... Innovation always involves at least an implicit acknowledgment that you were wrong about something before."

Yes yes yes.

4. The interruption bias - and how to be heard

What causes a supreme court justice to be interrupted more than 30X more than their colleagues?

Their gender. Yeah I bet you saw that coming. Here's how frequently women supreme court justices are interrupted by men. A lot. 

This Forbes article details more behind this phenomenon in MULTIPLE studies: 

"According to world-renowned gender communication expert Deborah Tannen, men speak to determine and achieve power and status. Women talk to determine and achieve connection. Given that in American society speaking is considered the power position, it is no wonder that men interrupt to take the floor more often. In using conversation to enhance connection, women are much less likely to interrupt, as it is seen as disrespectful."

My favorite anecdote:

Google exec, Eric Schmidt, was called out for interrupting the only woman on a panel, “Don’t Manterrupt When A Woman Is Talking About Corporate Diversity.” 

LOL. Now STFU.

PS: to combat the interruptions (those that are not asking for clarification) Try:

  • "There are a few more essential points I need to make. Can you delay a moment while I do that?”
  • “I know I will appreciate your feedback, but can you hold off until I’m done?” 
  • Using shorter sentences so your breaths in between aren’t as long, making it harder to interrupt, and speak with conviction using words like ‘know’ instead of ‘believe’ and ‘will’ instead of ‘might.’ 
  • Studies show men tend to interrupt women more often when they lean away, smile and don’t look at the person they are speaking to, so look ‘em in the eye, lean in and take yourself seriously.

5. The rise of customer success

I love a guy who puts a callout quote by himself in his own article.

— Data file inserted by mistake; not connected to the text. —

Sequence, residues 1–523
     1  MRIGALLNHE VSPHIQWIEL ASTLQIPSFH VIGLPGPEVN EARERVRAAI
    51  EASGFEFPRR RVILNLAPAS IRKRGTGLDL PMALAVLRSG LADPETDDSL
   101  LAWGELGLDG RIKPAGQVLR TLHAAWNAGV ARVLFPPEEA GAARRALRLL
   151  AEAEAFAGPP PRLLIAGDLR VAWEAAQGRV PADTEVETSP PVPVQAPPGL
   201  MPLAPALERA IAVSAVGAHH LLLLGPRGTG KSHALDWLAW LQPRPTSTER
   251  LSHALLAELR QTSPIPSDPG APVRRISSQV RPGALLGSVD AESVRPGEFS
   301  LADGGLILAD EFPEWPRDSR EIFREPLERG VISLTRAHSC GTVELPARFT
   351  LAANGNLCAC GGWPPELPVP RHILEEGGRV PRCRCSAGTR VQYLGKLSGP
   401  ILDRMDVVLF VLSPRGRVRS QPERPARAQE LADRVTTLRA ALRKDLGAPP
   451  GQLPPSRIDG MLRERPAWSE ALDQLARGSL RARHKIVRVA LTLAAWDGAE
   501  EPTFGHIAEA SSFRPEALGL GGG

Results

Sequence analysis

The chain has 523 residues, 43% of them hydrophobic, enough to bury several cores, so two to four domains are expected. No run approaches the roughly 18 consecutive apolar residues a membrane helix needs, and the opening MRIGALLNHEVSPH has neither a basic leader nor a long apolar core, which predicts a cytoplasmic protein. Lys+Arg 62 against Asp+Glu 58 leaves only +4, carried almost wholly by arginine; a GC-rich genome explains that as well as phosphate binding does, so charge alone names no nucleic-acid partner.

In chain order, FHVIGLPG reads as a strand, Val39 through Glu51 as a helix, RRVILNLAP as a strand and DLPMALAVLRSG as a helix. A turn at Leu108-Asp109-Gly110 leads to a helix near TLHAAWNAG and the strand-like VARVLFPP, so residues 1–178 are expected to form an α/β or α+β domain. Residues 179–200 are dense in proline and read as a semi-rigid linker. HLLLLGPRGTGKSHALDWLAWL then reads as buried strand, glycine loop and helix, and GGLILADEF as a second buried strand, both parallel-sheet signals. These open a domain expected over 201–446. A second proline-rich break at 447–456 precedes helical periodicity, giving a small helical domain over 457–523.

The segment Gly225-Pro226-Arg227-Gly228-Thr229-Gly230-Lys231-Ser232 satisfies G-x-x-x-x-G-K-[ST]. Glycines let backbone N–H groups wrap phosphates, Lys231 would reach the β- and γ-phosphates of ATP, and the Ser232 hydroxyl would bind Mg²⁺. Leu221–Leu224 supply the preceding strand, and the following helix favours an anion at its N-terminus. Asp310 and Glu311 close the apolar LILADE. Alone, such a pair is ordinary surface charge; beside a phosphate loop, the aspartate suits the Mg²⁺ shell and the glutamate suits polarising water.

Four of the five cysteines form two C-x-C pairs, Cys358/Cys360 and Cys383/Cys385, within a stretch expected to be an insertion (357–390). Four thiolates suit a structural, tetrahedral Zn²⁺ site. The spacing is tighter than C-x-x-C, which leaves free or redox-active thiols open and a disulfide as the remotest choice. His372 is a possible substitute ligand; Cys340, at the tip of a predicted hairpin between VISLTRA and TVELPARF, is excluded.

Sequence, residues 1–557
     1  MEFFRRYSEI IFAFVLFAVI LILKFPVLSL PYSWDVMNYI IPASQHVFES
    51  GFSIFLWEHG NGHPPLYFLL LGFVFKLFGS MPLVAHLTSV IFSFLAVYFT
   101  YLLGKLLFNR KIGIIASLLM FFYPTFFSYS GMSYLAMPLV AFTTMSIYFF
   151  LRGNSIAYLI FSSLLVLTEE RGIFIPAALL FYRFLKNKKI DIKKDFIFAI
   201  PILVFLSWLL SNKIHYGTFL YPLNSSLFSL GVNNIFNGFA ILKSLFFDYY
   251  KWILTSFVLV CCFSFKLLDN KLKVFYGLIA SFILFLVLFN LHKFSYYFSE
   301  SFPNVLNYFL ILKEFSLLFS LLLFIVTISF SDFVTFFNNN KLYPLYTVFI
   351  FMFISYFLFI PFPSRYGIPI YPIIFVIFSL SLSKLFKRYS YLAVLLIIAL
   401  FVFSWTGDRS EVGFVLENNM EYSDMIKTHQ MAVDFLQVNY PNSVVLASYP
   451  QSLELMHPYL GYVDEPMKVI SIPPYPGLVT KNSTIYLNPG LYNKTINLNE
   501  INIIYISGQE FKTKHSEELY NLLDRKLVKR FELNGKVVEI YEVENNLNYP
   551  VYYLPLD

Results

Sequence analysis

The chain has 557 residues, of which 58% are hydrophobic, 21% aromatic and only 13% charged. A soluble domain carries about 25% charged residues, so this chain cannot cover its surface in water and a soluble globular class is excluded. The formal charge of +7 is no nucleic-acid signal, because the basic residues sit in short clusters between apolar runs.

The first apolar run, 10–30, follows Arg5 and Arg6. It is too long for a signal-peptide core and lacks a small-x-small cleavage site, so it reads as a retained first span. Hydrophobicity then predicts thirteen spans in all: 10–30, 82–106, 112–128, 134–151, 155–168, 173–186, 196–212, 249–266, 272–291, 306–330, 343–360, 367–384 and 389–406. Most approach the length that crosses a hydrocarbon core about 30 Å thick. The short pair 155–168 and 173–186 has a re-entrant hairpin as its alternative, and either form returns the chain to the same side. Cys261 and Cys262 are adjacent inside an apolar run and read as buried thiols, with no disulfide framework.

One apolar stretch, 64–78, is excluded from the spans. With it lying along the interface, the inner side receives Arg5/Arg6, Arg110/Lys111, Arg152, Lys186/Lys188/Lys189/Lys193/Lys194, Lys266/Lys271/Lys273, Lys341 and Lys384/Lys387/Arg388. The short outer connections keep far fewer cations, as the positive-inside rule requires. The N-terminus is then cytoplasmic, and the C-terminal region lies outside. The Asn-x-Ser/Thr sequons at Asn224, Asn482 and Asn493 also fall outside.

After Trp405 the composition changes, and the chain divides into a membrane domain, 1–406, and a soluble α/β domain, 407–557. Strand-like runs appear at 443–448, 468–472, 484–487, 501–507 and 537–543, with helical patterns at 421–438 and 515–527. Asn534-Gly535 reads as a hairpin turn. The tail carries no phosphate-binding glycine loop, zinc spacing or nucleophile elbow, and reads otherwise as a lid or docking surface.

“Customers may come for your product, but they stay for your people.” – Me

The "me" here is Paul Teshima, a whip-smart exec from the Eloqua days who is now building and growing a very cool tool Nudge.ai (PS check out their new chrome app, it adds cool insights to any name in your inbox.) 

This week I'm recommending his post, "From Fighting Fires to Inspiring Customers: How to be Proactive in Customer Success"

6. Dan Lyon's burn on all of bro tech culture

What do you think?

"The real problem with tech bros is not just that they’re boorish jerks, It’s that they’re boorish jerks who don’t know how to run companies."

Burn... read more in the NY Times.


7. Quote of the week, on editing.

I do a lot of writing these days - and moreso, do a lot of editing. This one stuck with me:

“You rarely hear writers talk about the editing process. But editing is everything. The writing itself is no big deal. The editing, and even more than that, the self-doubt, is excruciating.” Jonathan Safran Froer

8. Next week's content marketing conference

I am emceeing an event next week in Boston. Join me if you're in town: Content Marketing Conference April 11-14 (Weds + Thurs are main conference days). 


Have a great weekend, make good choices, and tell your friends about my corner of the internet.

Best,
Katie